Gross Domestic Product in the fourth quarter 2011 proved to be the strongest of the year, as the economy expanded at a 2.8% annualized pace. If this estimate holds, fourth quarter growth was also the strongest since the second quarter of 2010, at the back end of the initial growth spurt as the economy emerged from recession.
Today’s GDP data confirms what other economic data had been suggesting for some time: that the economy gathered some momentum in the fourth quarter, but the result was still below what many were hoping for. Given that expectations had been building for growth north of 3% for the quarter, today’s data is mildly disappointing.
We also shouldn’t lose sight of the fact that the preliminary estimate last quarter was also relatively good, before subsequent revisions trimmed nearly three-quarters of a percent for the quarter.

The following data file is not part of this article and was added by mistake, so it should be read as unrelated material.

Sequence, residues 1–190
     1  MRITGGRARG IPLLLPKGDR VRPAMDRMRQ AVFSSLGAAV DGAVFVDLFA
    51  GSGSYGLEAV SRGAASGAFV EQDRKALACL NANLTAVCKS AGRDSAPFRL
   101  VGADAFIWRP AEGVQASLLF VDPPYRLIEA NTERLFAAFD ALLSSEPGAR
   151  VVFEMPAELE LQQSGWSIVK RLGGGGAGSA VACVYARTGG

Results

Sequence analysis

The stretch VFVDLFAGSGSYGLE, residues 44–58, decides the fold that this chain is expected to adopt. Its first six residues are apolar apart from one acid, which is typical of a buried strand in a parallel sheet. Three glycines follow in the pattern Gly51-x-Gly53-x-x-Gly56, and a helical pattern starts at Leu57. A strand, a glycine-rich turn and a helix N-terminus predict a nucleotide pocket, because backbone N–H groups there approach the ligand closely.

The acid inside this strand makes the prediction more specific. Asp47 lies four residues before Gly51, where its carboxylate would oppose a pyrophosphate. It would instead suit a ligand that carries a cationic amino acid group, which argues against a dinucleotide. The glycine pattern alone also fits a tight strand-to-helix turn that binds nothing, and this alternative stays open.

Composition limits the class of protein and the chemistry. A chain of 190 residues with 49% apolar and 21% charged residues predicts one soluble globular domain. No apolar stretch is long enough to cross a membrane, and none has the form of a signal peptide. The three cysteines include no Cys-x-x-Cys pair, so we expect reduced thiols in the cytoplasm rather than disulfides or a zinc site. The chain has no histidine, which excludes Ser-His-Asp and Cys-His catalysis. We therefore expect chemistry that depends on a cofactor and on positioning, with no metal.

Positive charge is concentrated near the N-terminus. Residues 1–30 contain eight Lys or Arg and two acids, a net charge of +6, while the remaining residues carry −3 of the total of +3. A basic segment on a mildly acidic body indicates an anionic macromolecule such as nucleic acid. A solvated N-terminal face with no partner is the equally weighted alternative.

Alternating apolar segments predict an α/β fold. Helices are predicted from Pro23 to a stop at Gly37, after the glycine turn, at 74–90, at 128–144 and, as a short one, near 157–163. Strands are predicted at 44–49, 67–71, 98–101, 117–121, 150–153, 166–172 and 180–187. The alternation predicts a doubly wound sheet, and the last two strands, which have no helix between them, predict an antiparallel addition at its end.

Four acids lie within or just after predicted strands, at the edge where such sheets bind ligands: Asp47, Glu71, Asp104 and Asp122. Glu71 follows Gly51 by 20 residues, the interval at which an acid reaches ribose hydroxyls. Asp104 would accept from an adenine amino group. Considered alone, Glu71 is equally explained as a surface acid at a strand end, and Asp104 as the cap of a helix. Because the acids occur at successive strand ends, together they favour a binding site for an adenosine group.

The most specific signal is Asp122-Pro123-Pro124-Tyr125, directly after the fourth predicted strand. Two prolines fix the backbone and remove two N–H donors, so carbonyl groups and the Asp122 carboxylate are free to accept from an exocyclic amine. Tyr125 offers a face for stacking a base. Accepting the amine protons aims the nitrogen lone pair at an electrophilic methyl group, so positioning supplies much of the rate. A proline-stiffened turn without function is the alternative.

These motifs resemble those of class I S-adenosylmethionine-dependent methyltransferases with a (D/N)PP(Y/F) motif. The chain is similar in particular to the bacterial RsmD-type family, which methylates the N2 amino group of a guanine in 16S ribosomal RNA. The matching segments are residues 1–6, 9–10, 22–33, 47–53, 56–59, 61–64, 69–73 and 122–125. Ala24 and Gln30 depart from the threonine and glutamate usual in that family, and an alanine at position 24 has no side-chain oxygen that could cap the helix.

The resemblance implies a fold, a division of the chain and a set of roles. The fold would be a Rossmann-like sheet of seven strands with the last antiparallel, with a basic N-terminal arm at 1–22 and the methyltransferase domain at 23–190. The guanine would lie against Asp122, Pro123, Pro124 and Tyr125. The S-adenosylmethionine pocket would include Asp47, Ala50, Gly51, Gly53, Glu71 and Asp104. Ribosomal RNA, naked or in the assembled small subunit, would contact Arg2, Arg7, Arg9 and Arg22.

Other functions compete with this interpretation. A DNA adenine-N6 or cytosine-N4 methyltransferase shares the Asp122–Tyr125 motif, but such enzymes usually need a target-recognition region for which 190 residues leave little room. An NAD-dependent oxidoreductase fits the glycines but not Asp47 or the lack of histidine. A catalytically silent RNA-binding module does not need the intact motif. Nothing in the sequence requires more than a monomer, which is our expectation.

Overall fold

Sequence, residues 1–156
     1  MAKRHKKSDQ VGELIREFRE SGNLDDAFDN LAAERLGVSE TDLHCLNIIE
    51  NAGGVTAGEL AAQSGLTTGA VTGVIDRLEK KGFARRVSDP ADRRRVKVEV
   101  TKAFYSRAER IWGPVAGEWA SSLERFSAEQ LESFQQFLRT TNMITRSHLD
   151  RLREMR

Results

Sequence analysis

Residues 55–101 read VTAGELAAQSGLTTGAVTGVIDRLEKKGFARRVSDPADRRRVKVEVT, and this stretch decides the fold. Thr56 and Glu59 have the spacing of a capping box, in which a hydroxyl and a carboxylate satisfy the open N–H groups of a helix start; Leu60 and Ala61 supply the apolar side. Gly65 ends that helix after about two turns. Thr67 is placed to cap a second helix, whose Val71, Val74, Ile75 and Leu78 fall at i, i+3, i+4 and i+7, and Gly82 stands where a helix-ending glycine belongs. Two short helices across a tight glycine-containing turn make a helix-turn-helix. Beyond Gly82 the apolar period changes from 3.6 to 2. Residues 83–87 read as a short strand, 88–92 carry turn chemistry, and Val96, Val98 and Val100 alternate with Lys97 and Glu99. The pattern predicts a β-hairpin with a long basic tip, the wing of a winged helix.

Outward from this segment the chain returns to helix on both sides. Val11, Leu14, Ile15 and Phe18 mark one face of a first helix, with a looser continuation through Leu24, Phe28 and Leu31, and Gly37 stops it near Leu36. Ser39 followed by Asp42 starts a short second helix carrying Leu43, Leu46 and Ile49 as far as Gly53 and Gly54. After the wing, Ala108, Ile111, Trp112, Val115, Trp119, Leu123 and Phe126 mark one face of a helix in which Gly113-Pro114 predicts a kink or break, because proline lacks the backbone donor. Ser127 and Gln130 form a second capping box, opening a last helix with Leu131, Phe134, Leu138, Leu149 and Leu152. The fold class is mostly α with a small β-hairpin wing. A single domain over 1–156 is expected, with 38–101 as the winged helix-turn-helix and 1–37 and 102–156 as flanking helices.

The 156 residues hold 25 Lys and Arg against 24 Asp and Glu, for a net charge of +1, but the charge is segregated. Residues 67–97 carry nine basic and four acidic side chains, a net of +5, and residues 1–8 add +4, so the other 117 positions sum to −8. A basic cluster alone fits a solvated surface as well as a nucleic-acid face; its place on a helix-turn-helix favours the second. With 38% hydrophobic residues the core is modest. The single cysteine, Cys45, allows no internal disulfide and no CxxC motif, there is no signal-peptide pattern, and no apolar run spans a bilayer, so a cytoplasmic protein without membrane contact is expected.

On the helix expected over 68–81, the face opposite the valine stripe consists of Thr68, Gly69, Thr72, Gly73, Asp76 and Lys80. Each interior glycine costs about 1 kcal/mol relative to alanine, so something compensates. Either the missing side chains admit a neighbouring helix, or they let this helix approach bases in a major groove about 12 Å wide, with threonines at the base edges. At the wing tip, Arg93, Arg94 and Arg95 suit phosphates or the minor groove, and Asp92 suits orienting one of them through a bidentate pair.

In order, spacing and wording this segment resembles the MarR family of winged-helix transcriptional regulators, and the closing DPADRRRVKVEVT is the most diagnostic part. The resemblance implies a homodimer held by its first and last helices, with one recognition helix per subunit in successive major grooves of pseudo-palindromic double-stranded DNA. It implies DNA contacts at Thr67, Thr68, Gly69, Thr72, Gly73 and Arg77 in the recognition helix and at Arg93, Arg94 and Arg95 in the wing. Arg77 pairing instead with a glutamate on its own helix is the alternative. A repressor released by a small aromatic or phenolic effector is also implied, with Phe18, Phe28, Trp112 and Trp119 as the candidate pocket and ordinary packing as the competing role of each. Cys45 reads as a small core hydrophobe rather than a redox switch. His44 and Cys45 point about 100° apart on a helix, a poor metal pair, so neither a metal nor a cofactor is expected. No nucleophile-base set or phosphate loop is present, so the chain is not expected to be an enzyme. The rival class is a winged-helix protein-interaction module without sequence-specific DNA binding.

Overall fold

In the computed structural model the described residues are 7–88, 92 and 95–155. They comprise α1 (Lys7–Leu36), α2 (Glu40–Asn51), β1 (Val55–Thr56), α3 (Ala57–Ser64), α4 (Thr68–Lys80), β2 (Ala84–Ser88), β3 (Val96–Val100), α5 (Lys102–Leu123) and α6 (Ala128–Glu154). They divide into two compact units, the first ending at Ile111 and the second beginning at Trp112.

The consumer remains the 800-pound gorilla, accounting for over two-thirds of GDP. Early in the holiday shopping season, there was a sense that consumers were opening their wallets more liberally. With hindsight, consumer spending did accelerate a bit, but at a lackluster 2% rate. One bright spot was in housing, which surged by 10.9% in the quarter.
Broadly, our enthusiasm remains tempered by the fact that the modest pickup in spending was largely funded through a reduction in the savings rate. Such an adjustment can satiate consumers’ spending desires for some time, but cannot be sustained. With holiday cheer no longer stimulating households to spend more, will consumers step back in the quarters ahead? That remains a question and a risk.
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